Epic Games has released the second volume of the Virtual Production Field Guide, its free overview of the technology and working practices in virtual production for film and broadcast.
Volume 2, available as a downloadable 158-page PDF, explores new workflows that have emerged since the release of the first volume, and includes over 20 new interviews with leading artists.
One of the first comprehensive overviews of the technology and workflows of virtual production
Released in July 2019, the original Virtual Production Field Guide was one of the first widely available overviews of the emerging world of virtual production (VP).
Defined in the report as combining VR and AR with game engine technologies to “enable production crews to see their scenes unfold as they are composed and captured on set”, VP eliminates guesswork during live shoots for VFX-heavy productions, and enables artists to iterate faster than traditional, more linear pipelines.
Early sections provide an overview of types of virtual production used in VFX and feature animation, including visualization, performance capture, and hybrid workflows like the then-new technique of shooting live actors against a LED wall displaying CGI backgrounds.
However, the bulk of the PDF consists of interviews with professionals in the movie and TV industry – producers, directors, cinematographers and VFX artists – about how VP is changing their working lives.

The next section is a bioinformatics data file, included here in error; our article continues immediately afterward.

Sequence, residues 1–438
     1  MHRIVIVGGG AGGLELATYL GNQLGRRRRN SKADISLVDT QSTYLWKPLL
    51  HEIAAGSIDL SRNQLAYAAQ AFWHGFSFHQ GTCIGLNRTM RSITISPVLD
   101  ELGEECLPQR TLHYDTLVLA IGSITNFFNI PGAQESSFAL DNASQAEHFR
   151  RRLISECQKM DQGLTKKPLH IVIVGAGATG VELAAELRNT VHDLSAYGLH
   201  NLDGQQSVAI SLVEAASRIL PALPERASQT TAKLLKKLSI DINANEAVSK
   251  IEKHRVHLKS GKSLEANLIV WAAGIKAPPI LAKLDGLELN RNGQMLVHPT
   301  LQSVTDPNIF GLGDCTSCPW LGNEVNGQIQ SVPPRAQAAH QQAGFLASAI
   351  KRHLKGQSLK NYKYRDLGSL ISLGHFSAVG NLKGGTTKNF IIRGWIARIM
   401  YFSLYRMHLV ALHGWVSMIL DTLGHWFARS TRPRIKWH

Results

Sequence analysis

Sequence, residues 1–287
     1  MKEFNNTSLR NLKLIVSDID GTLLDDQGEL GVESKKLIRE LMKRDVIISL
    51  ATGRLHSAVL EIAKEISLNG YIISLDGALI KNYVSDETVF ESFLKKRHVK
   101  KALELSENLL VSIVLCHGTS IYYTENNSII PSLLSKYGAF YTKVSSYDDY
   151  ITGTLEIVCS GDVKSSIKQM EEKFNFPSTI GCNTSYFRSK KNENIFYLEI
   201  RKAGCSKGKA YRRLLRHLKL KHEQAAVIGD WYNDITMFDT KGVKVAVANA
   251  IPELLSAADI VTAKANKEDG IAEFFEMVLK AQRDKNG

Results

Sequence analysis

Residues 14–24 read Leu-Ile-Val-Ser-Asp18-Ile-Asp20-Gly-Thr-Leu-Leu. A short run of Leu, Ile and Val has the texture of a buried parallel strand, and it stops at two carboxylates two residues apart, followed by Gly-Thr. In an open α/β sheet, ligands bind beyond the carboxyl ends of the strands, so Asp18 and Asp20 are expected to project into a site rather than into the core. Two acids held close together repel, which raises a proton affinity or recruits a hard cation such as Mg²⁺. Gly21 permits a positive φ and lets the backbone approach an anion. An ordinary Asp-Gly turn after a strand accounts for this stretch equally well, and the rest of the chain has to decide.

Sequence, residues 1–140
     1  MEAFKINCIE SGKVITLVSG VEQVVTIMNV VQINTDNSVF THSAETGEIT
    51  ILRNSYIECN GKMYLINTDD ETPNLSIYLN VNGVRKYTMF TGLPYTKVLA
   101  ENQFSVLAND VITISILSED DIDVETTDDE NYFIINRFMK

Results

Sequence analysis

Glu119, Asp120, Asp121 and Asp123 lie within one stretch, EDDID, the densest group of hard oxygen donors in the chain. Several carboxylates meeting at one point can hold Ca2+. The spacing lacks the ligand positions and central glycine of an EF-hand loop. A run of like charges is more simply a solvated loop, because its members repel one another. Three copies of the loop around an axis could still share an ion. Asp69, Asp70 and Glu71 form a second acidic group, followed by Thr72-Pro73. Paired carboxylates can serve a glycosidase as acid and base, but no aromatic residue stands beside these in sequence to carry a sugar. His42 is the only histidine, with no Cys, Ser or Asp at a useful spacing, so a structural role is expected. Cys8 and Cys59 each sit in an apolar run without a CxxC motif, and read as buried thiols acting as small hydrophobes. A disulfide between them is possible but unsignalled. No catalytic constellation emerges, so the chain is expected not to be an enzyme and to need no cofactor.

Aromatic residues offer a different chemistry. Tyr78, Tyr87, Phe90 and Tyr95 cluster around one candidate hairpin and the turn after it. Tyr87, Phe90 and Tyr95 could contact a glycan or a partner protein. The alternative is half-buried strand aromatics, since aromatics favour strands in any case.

Although it was clearly created to help promote Epic Games’ own Unreal Engine, one of the key real-time rendering tools for virtual production, it’s a relatively soft sell.
Rather than exploring the capabilities of Unreal Engine in detail, the game engine is a recurring background theme throughout the interviews: a tool that seemingly everyone uses.
New in Volume 2: landmark projects, new workflows, and new job opportunities
Volume 2 of the Virtual Production Field Guide picks up where the first part left off.
Early sections explore how high-profile projects The Mandalorian have brought virtual production to public attention, along with emerging workflows like remote multi-user collaboration.
There’s more specific to Unreal Engine this time around, with sections devoted to Epic Games’ vision for the software, and references to the new features due in Unreal Engine 5 later this year.
Inevitably, another recurring theme is COVID-19, with many interviewees discussing how global coronavirus restrictions became an unexpected new reason to adopt virtual workflows.
Other new content includes an exploration of the role of virtual production on indie projects, and descriptions of some of the new job roles that VP is creating in virtual art departments.
However, as with Volume 1, the guts of the PDF is the artist interviews: over 20 of them this time, including leading directors like Jon Favreau and multi-Oscar-winning VFX supervisor Rob Legato.
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